click links in text for more info

Porsche 914

The Porsche 914 or VW-Porsche 914 is a mid-engined sports car designed and marketed collaboratively by Volkswagen and Porsche from 1969 to 1976. It was only available as a targa-topped two-seat roadster powered by either a flat-4 or flat-6 engine. By the late 1960s, both Volkswagen and Porsche were in need of new models. At the time the majority of Volkswagen's development work was handled by Porsche as part of an agreement that dated back to Porsche's founding. Volkswagen needed to contract out one last project to Porsche to fulfill the contract, decided to make the 914 that project. Ferdinand Piëch, in charge of research and development at Porsche, was put in charge of the 914 project. In 1966 and 1967, German company Gugelot Design GmbH began showing a proposed design for a sports coupe built with technology developed in partnership with Bayer to several major car builders, including Volkswagen and Porsche; some sources have suggested that the Gugelot proposal, suitably adapted, was the origin of the design of the 914.

The rationale is that an outside design would be able to please both Volkswagen and Porsche without appearing too similar to either of the partners' existing products. Sources have rejected this idea. While acknowledging that Porsche was aware of the Gugelot design, they assert that the 914 design was done in-house at Porsche, is the work of body engineer Heinrich Klie. Intending to sell the vehicle with a flat four-cylinder engine as a Volkswagen and with a flat six-cylinder engine as a Porsche, Porsche decided during development that having Volkswagen and Porsche models sharing the same body would be risky for business in the American market, convinced Volkswagen to allow them to sell both versions as Porsches in North America. On March 1, 1968, the first 914 prototype was presented. However, development became complicated after the death of Volkswagen's chairman, Heinrich Nordhoff, on April 12, 1968, his successor, Kurt Lotz, was not connected with the Porsche dynasty and the verbal agreement between Volkswagen and Porsche fell apart.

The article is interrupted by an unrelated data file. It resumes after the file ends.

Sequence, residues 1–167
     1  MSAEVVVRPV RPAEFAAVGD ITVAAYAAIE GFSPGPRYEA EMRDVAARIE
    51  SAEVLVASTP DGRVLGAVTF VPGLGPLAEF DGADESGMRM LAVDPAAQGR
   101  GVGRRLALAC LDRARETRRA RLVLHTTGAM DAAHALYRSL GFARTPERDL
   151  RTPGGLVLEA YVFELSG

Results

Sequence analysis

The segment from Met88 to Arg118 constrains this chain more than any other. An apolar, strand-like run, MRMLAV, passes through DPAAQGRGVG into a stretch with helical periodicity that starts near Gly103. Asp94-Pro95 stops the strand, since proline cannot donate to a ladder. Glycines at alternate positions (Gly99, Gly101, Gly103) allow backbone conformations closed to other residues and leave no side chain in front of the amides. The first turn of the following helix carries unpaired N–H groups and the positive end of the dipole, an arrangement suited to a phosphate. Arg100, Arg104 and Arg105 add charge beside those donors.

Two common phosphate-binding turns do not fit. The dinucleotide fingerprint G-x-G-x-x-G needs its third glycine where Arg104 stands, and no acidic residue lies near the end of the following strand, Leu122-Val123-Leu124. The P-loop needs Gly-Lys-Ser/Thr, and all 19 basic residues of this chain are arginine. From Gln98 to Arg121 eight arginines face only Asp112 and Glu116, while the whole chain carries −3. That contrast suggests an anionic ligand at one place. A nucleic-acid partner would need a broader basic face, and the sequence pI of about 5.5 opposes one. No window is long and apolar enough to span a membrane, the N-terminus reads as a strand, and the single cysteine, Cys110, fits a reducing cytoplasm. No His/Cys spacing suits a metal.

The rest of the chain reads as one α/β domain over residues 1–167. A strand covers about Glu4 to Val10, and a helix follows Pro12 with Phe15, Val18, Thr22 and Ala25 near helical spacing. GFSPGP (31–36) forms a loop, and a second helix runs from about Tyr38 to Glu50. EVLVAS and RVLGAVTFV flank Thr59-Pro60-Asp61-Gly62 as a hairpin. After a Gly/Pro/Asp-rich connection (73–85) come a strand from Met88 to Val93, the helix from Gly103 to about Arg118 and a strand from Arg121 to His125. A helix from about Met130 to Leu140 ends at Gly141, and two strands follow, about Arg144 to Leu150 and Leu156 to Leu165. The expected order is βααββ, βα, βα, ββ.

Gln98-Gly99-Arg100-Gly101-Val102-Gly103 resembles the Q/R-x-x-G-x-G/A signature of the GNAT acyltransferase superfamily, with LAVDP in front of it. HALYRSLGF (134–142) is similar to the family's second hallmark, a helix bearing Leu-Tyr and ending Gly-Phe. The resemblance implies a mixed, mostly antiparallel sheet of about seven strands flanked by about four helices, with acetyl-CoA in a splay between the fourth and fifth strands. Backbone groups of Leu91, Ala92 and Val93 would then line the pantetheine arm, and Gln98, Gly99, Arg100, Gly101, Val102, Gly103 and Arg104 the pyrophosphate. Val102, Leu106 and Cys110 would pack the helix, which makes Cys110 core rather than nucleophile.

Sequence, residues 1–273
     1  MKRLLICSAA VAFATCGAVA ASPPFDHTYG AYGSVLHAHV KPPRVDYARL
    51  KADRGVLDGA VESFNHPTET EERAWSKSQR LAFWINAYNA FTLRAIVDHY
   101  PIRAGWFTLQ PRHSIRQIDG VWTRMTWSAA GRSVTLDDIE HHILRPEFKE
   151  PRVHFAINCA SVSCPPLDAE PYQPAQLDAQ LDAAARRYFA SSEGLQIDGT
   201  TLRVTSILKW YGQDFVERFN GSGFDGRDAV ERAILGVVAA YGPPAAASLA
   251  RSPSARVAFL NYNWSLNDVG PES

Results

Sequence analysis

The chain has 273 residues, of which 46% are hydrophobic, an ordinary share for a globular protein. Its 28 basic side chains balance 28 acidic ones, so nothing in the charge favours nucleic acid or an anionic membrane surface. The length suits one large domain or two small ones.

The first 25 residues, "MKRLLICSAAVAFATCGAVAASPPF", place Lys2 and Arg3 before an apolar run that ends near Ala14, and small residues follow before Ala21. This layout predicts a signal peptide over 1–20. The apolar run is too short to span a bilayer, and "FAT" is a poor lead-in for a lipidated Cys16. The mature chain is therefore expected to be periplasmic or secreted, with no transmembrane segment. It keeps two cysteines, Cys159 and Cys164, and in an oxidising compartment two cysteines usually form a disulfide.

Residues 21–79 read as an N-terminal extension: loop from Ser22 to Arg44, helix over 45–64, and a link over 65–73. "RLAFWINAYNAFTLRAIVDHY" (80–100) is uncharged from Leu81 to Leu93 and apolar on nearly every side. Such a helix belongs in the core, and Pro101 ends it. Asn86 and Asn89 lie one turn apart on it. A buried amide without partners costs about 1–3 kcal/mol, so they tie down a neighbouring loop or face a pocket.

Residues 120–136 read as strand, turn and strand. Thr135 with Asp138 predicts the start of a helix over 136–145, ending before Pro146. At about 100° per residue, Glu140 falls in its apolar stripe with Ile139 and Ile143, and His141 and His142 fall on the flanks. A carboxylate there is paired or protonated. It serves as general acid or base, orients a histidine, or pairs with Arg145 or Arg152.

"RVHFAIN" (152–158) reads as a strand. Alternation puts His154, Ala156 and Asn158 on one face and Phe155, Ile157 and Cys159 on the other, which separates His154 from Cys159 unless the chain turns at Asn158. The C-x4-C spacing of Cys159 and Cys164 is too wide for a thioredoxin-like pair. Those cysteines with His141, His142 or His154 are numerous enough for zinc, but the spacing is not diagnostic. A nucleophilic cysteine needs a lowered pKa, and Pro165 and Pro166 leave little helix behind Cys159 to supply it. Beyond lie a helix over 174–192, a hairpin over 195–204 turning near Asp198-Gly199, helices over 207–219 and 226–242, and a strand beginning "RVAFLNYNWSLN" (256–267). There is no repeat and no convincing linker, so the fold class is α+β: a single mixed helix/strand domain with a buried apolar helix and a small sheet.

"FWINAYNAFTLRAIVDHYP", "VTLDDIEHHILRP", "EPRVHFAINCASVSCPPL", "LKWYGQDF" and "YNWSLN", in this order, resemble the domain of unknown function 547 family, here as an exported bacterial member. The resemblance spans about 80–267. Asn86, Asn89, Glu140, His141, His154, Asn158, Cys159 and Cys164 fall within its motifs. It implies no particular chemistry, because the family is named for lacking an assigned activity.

In Lotz's opinion, Volkswagen had all rights to the model, no incentive to share it with Porsche if they would not share in tooling expenses. With this decision, the price and marketing concept for the 914 had failed before series production had begun; as a result, the price of the chassis went up and the 914/6 ended up costing only a bit less than the 911T, Porsche's next lowest priced car. The 914 was Motor Trend's Import Car of the Year for 1970. Slow sales and rising costs prompted Porsche to discontinue the 914/6 variant in 1972 after producing 3,351 of them. Production of the 914 ended in 1976; the 2.0 L flat-4 engine continued to be used in the 912E, introduced that year as an entry-level model until the front-engined four-cylinder 924 was introduced the following model year. The 914/4 became Porsche's top seller during its model run, outselling the Porsche 911 by a wide margin with over 118,000 units sold worldwide. Volkswagen versions featured the fuel-injected 1.7 L VW Type 4 flat-four engine producing 80 bhp.

Porsche's 914/6 variant featured the 2.0 L air-cooled Type 901/3 flat-six engine from the 1967–1969 911T model. This was the least powerful flat-six in Porsche's lineup; this engine had revised pistons that reduced the compression ratio to 8.6:1. The cylinder barrels were made of iron, in contrast to the iron and aluminum "Biral" barrels in the engines in the 911S and 911L. New camshafts had less lift, relaxed timing characteristics; the venturis in the Weber 40IDT3C carburetors were 27 mm, smaller than the other 911 engines, the exhaust pipe diameter was reduced in size. Power output was 110 bhp; when the 911T got a 2.2 L engine in 1970, the engine in the 914/6 remained at 2.0 L. All engines were placed amidships in front of a version of the 1969 911's "901" gearbox configured for a mid-engined sports car. Karmann manufactured the rolling chassis at their plant, completing Volkswagen production in-house or delivering versions to Porsche for their final assembly; the 914/6 models came with lower gear ratios and larger brakes to compensate for the greater weight and higher power output of the six-cylinder model.

They featured five lug wheels and an ignition on the left side of the steering wheel. Suspension and handling were otherwise the same. A Volkswagen-Porsche joint venture, Volkswagen of America, handled export to the U. S. where both versions were sold as Porsches. The four-cylinder cars were sold as Volkswagen-Porsches at European Volkswagen dealerships. For 1973 the discontinued 914/6 was replaced in the lineup by a variant powered by a new 100 bhp 2.0 L, fuel-injected version of Volkswagen's Type 4 engine. For 1974, the 1.7 L engine was replaced by an 85 bhp 1.8 L, the new Bosch L-Jetronic fuel injection system was added to American units to help with emissions control. Over the seven model years, Porsche made a number of changes to the 914; some of these changes were cosmetic and others were in response to changing crash protection standards. From 1970 to 1974, the 914 was offered with painted bumpers. In early 1970, rear bumpers were produced with a straight crease on either side of the license plate indent.